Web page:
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  • A.S.Ford

Teaching Myself New Tricks

Hello reader,


I hope you are safe and well during such uncertain and troubling times.


Here in the UK we have entered yet another lockdown.


A week before the first UK lockdown in March 2020, like many others, I was made redundant. I spent 3 months unemployed and unsure of what to do with myself. My house had never been clearer but my mental health was lower than it had been in a long time.


Since June 2020, I have been lucky enough to find employment again in work-from-home positions. Although I am grateful to be working, the whole of 2020, and everything that happened within it, has reignited my passion and desire to fufill my dream to become a professional and paid novelist. A career that will bring me joy (as well as challenges) and allow me to be more in control of my future.


First though, I need to write, finish, and edit a novel. Something that I have been struggling to do my entire writing life. I have written and published poetry and short stories before but I have yet to publish a novel. My last attempt got me stuck in a major editing slump and affected my mental health to the point where I had to stop working on that particular project.


I then had inspiration for another novel around June 2020. An idea that would not leave me alone no matter if I was at work, watching TV, trying to get to sleep at night, or walking the dogs with my partner. Anxiety, following my previous novel project, tied my hands and made me doubt whether or not I should try to write another one. Finally, after 3 months of internal conflict, I had an epiphany: What if the problem was with me? With the way I was trying to write my novels?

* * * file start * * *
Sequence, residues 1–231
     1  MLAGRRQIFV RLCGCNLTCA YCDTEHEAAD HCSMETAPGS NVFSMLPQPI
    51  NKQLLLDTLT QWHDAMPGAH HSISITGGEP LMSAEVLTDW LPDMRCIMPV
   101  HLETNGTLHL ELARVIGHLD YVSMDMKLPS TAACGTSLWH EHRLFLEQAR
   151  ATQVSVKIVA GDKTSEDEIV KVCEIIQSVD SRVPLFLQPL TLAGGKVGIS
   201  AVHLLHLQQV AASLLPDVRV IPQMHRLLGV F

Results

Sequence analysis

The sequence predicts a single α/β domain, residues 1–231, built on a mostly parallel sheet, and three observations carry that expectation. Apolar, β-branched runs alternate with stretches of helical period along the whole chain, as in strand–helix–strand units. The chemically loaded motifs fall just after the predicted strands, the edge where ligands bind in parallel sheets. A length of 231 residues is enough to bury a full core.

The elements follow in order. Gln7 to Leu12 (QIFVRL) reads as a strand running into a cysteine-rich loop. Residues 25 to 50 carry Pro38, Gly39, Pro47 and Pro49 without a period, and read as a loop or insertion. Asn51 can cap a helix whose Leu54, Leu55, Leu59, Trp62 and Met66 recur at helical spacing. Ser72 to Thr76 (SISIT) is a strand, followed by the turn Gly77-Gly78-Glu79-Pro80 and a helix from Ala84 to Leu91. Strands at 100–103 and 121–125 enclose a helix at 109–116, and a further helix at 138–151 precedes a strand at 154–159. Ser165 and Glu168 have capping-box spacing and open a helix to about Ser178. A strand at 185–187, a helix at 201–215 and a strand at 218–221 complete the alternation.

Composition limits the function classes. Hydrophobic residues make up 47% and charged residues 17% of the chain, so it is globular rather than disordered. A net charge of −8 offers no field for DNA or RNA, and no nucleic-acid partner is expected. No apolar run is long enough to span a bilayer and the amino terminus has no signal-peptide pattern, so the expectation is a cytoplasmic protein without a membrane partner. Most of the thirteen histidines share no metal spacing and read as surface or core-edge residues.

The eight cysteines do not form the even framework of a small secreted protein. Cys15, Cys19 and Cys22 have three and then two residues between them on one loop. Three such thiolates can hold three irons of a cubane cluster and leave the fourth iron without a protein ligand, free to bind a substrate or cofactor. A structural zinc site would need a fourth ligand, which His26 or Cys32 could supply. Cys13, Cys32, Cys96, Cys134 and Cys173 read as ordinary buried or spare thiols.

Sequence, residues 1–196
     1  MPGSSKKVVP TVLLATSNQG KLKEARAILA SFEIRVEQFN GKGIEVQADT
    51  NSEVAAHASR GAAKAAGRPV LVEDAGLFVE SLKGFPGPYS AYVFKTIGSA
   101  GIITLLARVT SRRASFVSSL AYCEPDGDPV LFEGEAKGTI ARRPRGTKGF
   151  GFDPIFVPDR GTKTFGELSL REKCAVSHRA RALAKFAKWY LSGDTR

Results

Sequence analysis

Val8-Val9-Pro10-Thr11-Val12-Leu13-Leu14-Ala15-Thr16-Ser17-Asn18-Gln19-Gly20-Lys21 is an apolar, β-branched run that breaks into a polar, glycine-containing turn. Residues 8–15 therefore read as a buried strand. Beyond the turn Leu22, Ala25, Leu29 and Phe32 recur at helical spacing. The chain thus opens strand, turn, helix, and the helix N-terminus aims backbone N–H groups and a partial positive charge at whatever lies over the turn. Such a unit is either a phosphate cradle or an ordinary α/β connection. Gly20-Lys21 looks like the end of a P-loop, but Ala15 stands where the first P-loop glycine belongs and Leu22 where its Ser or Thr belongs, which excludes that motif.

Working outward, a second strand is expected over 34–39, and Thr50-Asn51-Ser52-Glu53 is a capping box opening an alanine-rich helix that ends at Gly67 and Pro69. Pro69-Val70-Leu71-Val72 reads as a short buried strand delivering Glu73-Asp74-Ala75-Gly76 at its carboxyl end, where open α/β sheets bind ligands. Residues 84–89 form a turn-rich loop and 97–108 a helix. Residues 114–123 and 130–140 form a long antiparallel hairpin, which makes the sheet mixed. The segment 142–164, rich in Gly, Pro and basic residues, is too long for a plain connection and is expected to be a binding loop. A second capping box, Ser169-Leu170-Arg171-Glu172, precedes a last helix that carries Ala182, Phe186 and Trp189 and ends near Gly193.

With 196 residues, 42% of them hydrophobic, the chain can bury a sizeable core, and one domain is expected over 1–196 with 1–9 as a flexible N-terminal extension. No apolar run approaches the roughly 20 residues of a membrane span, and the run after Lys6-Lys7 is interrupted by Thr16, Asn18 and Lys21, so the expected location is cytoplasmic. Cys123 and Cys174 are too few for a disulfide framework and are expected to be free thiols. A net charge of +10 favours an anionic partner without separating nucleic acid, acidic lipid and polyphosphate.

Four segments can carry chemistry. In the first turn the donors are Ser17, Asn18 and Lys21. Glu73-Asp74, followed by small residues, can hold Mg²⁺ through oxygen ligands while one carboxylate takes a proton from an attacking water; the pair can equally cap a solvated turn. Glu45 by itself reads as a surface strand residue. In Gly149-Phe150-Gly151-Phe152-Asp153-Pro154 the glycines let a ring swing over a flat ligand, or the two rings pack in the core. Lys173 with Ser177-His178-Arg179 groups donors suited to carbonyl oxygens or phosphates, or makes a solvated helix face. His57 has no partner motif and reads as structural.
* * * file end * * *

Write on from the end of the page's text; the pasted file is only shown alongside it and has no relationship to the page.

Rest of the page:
My approach to writing has always been to plan a lot of the details beforehand, organise my plot outline into chapters, and write the narrative in chronological order. It was a very rigid, disciplined approach and I realised that, for me, it was also a mentally draining one. I needed to teach myself some new tricks.

So, I did my homework. I read my collection of how-to-write books and scoured the internet for useful articles. In the end, I found my inspiration in the NaNoWriMo Pep Talks. I have included the advice that I found and how it helped me form my new approach to novel writing below.


1. 'If [you] wrote everyday what [you] felt like writing that day, then [your] writing would not feel dutiful' - Aimee Bender, NaNoWriMo


I decided that, since many writing systems (like yWriter5 and Scrivener) set up a write-by-scene option as opposed to writing in chapters, I would try to write my novel in scenes. I wrote a list, which I would update every 2 to 3 days, of any and all scenes I could think of that I wanted to include in my novel. Then each day, when I sat down to write, I would pick whichever scene, or series of scenes, that I felt like I wanted to write that day. It definitely made the process much more fun and exciting for me. The idea of waiting until the novel was written to organise chapters felt very freeing.


2. ‘The way NOT to break your routine is to NOT show up at your desk at the regular hour, but rather by surprising yourself with an extra hour and a different desk. If you never write at lunchtime, one day write at lunchtime’ - Deb Olin Unferth, NaNoWriMo


and